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The Freeman: Ideas on Liberty - March 1994
Vol. 44 No. 3
Columns: Our Own Mad Clockwork
By Robert Zimmerman

Donated to site by Roberta Estes

 

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The following info is from the Melungeon list. I find this extremely interesting, especially since we are finding haplogroup E and not the native haplogroups I would expect to see where I would expect to see it.  Joe, do you know if this is accurate? Do you (or does anyone) know how they determined there were only 300+ blacks in Virginia in 1650?
This is quite interesting. 
Bobbi 


"Despite this, the citizens of Virginia in these early years did not start buying black slaves in large numbers. Neither did they treat the blacks they did buy as slaves. British law stated that all Christians were equal citizens before the law. Black men and women, if Christian and baptized, could therefore not remain slaves. They would instead become indentured servants, and like any other British citizen, be able to earn their freedom after several years of service.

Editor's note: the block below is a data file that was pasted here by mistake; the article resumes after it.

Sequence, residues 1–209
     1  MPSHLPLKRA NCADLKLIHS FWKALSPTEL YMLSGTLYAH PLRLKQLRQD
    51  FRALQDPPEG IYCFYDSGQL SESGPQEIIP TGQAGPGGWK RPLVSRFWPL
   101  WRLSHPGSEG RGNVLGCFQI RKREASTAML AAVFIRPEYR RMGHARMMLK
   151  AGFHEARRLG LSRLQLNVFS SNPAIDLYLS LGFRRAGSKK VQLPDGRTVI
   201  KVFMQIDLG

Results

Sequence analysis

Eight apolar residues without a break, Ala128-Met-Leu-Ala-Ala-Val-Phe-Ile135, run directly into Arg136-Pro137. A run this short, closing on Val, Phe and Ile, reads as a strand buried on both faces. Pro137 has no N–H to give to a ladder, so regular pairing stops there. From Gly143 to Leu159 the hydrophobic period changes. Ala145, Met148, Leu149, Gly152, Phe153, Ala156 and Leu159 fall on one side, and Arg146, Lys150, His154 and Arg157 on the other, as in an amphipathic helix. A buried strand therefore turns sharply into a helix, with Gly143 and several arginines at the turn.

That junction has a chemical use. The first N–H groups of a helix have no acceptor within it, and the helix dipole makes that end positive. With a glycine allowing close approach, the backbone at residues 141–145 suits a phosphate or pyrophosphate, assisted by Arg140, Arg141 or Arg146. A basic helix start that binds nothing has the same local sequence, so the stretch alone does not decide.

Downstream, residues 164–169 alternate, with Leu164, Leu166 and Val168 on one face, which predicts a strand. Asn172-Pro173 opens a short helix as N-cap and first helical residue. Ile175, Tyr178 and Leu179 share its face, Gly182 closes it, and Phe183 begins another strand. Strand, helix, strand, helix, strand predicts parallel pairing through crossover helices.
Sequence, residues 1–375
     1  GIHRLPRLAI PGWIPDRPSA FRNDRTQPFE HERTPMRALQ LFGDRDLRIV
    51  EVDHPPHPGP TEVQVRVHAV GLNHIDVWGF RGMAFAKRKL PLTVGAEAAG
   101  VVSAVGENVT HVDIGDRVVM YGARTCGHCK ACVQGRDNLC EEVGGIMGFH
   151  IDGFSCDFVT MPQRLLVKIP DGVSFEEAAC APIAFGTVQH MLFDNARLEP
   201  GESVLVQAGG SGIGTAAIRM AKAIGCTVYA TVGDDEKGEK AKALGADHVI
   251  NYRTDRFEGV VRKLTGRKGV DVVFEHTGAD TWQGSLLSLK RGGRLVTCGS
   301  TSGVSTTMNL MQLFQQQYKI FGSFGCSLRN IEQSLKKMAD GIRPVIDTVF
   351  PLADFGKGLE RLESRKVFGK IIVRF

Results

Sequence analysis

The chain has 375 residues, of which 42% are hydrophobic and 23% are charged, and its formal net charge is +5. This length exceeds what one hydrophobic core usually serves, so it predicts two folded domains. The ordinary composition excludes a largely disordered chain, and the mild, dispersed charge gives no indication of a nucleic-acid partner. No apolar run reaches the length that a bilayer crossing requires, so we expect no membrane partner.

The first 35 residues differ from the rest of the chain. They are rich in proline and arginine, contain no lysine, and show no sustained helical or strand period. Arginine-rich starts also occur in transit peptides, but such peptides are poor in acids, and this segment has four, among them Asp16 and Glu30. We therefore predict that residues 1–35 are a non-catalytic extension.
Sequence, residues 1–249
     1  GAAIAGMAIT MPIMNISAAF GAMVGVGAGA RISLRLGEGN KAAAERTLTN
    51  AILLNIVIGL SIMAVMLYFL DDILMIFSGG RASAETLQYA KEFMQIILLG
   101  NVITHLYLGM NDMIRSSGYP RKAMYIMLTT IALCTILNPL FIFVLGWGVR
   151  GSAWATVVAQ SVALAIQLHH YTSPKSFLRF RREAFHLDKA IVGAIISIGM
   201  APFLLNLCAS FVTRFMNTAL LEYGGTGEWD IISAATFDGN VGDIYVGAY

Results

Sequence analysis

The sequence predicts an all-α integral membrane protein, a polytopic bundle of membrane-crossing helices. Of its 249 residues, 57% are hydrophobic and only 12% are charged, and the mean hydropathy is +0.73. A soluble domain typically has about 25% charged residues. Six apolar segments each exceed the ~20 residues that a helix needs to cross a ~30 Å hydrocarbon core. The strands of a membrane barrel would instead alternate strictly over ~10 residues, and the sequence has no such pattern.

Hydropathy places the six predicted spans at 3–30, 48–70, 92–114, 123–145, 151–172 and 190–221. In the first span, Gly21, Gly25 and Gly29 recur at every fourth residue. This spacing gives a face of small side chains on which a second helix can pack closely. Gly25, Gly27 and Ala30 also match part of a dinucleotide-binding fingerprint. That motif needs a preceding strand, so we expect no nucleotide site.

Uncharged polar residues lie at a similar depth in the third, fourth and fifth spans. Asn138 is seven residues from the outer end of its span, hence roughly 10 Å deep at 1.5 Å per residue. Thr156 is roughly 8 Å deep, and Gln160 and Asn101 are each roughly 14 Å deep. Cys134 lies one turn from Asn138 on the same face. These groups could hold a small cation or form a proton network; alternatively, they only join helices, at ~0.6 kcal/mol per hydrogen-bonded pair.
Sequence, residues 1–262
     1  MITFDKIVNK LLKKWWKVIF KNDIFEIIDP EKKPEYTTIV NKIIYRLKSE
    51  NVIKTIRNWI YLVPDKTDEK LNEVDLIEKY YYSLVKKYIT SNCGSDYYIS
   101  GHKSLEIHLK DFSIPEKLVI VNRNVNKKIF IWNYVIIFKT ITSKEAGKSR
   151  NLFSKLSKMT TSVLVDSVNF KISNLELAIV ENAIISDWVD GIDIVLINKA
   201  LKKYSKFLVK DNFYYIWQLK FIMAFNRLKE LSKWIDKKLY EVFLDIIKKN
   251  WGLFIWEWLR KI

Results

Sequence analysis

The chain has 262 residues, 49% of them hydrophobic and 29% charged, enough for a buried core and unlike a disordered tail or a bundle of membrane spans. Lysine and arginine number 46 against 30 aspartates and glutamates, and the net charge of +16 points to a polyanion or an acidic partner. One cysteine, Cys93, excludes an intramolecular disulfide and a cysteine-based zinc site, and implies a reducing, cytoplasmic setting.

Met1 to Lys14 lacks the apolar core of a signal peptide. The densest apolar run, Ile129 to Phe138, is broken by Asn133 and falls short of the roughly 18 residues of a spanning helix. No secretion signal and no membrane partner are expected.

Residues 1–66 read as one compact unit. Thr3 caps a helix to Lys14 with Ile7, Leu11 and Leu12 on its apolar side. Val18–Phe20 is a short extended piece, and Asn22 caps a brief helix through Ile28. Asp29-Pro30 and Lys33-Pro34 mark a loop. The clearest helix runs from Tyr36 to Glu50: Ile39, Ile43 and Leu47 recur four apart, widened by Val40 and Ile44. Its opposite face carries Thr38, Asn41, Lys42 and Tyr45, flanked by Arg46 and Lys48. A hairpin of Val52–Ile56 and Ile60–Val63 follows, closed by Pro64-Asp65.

Research by numerous historians clearly indicates that a large percentage of the blacks brought to the Virginia colony in the years between 1619 and 1634 were treated as bonded servants, not as slaves, and eventually earned their freedom. Of the three hundred-plus blacks estimated to live in Virginia in 1650, more than fifty were free, with many owning land the same as any other white settler. Many of these free blacks had been imported into the colony in the 1620s and 1630s, had served their time as bonded servants, and had become free"

http://www.fee.org/publications/the-freeman/article.asp?aid=2498  

 

 

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Copyright 2008 Last modified: October 10, 2010